Besides being an acclaimed bilingual poet, her short stories and novels have been staged as plays. “She presents her lines with a  unique facility of phrase and depth of feeling. In the play of her words, myriad moods of anguish and  ecstasy come to the fore vividly,” writes the Journal of Poetry Society of India.

Uma Trilok has written award winning books including her much acclaimed debut novel, Amrita  Imroz: A Love Story. In all, she has penned 16 books. Here, in this exclusive, she talks of how she started writing and what she sees as her future.

 

Mitali: When did you start writing? Can you tell us what put you on the path of writing? What was your inspiration? Do you have any book, music or art that inspires you?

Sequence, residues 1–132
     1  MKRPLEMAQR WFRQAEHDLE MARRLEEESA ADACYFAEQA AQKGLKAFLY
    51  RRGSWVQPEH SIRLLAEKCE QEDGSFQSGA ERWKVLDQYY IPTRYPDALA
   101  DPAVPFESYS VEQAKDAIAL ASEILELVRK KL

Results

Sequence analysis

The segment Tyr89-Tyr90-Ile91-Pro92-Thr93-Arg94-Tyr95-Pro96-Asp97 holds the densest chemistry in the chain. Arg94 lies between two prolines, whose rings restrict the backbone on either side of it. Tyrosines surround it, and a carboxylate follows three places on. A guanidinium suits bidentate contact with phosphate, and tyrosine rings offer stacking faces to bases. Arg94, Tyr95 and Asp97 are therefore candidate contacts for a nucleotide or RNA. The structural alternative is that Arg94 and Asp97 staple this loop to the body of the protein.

Uma: At the age of 32,  I was the heading a college for women in Mahashri Dayanand University. While sitting in a quiet environment, when students were taking their exams, a poem arrived, and I put it on a paper…That was the beginning.

Prior to that, I taught at Delhi University. Trained in Indian classical Music and Kathak dance, I sang at the All India Radio and gave dance performances at places like Triveni Kala Sangam, New Delhi. I had to conceal this part of myself from the conservative management of the women’s college. My journey as a poet started as a result of this trammel, way back in the 1970s. My creativity needed to flow somehow in some direction. I picked up the pen, a safe medium.

Writing was not a choice, it was a compulsion.

the-burning-forest_300_cmyk

From Mining to Militarism 

Mining and militarism have a deeply intimate history. In 2003, when India liberalized its mining policy, the de facto Maoist control over the region was seen as constituting a major obstacle to rapid industrialization and land acquisition. Industry associations like the Federation of Indian Chambers of Commerce and Industry (FICCI) explicitly supported the government’s offensive against the Maoists and called for the involvement of the private sector in this effort: